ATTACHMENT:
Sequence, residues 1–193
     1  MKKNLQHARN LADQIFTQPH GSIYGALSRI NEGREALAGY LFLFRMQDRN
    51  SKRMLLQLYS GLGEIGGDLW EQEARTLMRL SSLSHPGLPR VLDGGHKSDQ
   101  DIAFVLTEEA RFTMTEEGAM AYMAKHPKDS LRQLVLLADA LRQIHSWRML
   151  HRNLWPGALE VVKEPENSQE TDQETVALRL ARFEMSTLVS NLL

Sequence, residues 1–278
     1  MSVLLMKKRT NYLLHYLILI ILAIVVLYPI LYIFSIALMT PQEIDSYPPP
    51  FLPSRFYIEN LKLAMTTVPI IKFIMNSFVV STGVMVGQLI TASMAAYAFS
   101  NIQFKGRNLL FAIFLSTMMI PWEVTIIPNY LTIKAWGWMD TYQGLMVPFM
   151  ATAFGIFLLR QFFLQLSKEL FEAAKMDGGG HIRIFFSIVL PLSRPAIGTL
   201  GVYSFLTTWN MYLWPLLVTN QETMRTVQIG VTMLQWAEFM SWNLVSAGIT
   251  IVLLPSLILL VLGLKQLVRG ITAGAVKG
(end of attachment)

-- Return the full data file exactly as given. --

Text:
Sequence, residues 1–193
     1  MKKNLQHARN LADQIFTQPH GSIYGALSRI NEGREALAGY LFLFRMQDRN
    51  SKRMLLQLYS GLGEIGGDLW EQEARTLMRL SSLSHPGLPR VLDGGHKSDQ
   101  DIAFVLTEEA RFTMTEEGAM AYMAKHPKDS LRQLVLLADA LRQIHSWRML
   151  HRNLWPGALE VVKEPENSQE TDQETVALRL ARFEMSTLVS NLL

Sequence, residues 1–278
     1  MSVLLMKKRT NYLLHYLILI ILAIVVLYPI LYIFSIALMT PQEIDSYPPP
    51  FLPSRFYIEN LKLAMTTVPI IKFIMNSFVV STGVMVGQLI TASMAAYAFS
   101  NIQFKGRNLL FAIFLSTMMI PWEVTIIPNY LTIKAWGWMD TYQGLMVPFM
   151  ATAFGIFLLR QFFLQLSKEL FEAAKMDGGG HIRIFFSIVL PLSRPAIGTL
   201  GVYSFLTTWN MYLWPLLVTN QETMRTVQIG VTMLQWAEFM SWNLVSAGIT
   251  IVLLPSLILL VLGLKQLVRG ITAGAVKG